Oh, and I loved the MUTOs, and I am genuinely puzzled when some people refer to them as generic. They showed a heck of a lot of character for giant bug monsters.

    If you’ll allow me to plug my own thoughts, my review is here:
    http://maxplusplus.wordpress.com/2014/05/18/godzilla-2014-review-the-once-and-future-king/
    I really love what you guys do here at Laser Time, so I hope you don’t mind me showing some of my own work around here.

    1. I got past that preconception. But I couldn’t get past how the failure of human characterization. That is the film’s big problem. And people might not care about human characters in a Godzilla movie because they’ve never had good characterization. To that, I say “why should a $150 million film, with this much talent in front of and behind the camera, repeat the same mistakes of a bunch of low-budget B-movies?” Especially when the film is asking us to care about these people.

  8. My two experiences with Godzilla have been the ’98 film and the new one, so I can’t say I was disappointed.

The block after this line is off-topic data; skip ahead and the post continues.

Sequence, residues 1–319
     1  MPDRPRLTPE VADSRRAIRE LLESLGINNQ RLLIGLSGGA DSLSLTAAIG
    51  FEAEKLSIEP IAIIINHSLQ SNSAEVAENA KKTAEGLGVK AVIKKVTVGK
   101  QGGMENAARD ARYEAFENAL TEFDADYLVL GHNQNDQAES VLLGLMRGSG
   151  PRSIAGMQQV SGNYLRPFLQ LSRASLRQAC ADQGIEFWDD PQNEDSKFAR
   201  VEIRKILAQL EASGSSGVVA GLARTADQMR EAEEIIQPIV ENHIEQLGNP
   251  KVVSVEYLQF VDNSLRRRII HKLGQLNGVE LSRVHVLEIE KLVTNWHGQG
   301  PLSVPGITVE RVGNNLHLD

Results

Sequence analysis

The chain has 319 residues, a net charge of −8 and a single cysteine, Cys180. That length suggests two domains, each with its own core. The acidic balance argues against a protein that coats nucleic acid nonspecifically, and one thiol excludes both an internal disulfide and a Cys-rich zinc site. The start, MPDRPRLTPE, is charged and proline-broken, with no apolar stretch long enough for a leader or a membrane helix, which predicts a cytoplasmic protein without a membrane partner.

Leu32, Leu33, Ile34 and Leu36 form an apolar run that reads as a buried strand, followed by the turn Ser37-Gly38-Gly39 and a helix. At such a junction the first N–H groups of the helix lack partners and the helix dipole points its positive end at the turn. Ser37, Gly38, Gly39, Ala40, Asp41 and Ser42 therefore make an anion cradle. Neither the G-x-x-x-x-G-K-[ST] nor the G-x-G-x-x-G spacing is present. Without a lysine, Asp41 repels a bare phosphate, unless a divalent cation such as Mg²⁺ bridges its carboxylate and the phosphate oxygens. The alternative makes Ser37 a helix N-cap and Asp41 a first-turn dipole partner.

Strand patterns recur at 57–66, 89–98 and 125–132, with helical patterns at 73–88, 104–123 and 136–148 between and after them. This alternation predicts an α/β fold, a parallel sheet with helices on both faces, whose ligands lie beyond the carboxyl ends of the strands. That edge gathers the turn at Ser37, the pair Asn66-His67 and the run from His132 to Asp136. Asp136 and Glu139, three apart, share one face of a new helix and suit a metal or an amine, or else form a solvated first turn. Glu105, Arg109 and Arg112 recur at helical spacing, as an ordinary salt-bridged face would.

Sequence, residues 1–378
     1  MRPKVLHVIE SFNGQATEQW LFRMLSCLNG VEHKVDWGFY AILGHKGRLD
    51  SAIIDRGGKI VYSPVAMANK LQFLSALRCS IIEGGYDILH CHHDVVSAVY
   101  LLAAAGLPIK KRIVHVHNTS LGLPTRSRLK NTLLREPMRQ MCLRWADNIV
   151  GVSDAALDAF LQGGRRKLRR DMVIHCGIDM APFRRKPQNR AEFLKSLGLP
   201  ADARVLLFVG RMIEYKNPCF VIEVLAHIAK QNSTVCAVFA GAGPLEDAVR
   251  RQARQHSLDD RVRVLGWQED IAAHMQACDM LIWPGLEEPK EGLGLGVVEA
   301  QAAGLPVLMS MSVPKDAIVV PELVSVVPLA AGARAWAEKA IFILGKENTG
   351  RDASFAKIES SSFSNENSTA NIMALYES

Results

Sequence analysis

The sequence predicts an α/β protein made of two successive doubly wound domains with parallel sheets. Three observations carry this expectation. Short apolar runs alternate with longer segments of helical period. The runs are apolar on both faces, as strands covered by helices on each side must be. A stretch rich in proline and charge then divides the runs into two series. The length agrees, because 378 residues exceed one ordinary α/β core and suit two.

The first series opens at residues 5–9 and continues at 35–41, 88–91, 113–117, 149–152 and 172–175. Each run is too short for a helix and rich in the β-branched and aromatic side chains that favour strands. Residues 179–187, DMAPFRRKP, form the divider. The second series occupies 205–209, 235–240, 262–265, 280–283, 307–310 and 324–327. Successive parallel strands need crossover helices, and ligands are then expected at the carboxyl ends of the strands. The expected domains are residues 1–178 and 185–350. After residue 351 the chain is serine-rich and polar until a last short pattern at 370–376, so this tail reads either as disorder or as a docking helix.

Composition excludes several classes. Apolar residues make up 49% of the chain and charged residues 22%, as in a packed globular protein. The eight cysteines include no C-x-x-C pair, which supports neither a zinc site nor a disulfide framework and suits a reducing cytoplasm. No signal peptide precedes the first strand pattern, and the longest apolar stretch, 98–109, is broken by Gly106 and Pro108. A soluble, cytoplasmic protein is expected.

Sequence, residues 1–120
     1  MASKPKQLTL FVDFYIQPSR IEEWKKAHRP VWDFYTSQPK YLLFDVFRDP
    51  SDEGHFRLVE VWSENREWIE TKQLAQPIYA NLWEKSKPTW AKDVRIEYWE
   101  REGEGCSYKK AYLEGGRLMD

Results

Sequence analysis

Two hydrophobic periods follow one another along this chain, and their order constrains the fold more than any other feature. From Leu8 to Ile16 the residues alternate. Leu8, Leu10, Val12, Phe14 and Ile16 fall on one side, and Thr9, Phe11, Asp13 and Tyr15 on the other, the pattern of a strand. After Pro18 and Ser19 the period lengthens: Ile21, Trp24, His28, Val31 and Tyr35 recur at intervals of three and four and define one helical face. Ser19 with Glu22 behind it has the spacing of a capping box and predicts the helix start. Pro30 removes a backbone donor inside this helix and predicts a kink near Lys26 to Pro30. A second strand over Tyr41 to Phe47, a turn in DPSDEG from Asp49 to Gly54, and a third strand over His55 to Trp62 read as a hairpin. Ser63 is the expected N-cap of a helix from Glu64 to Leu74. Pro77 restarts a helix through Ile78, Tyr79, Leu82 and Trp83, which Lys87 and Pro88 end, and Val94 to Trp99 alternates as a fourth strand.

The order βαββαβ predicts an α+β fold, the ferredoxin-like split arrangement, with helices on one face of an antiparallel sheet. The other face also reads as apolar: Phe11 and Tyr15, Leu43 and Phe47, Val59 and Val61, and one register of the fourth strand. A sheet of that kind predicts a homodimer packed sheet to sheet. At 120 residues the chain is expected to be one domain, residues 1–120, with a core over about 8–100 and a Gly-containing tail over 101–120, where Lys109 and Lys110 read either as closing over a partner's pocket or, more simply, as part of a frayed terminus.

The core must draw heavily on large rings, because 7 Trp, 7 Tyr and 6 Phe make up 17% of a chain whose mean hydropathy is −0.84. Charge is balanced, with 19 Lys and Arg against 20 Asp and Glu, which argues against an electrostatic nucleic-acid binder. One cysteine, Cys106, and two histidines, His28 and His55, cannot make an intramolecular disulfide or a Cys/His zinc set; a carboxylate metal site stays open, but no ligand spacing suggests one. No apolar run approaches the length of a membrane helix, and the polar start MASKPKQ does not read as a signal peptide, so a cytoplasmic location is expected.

In fact, I enjoyed it a lot. For some reason I didn’t really mind the actors everyone else was hating on so much.

  9. Yeah, most of my gripes are pretty much covered in this review. I don’t mind the slow build up, or lack of Godzilla screen time (in fact, I was expecting that going in having recently re-watched the still-excellent original movie). My two main problems where the boring uninteresting human drama and characters, and the fact that the MUTO’s got the lion’s share of the plot focus and build up, reducing Zilla to a supporting role in his own movie. I personally didn’t find the Cloverfield monsters that great anyway.
    I’d like to give Godzilla a second viewing soon, but X-Men is currently next up on my list.

  10. “The arrogance of this movie is thinking we the audience care so much about these non interesting humans.” – That was the quote right?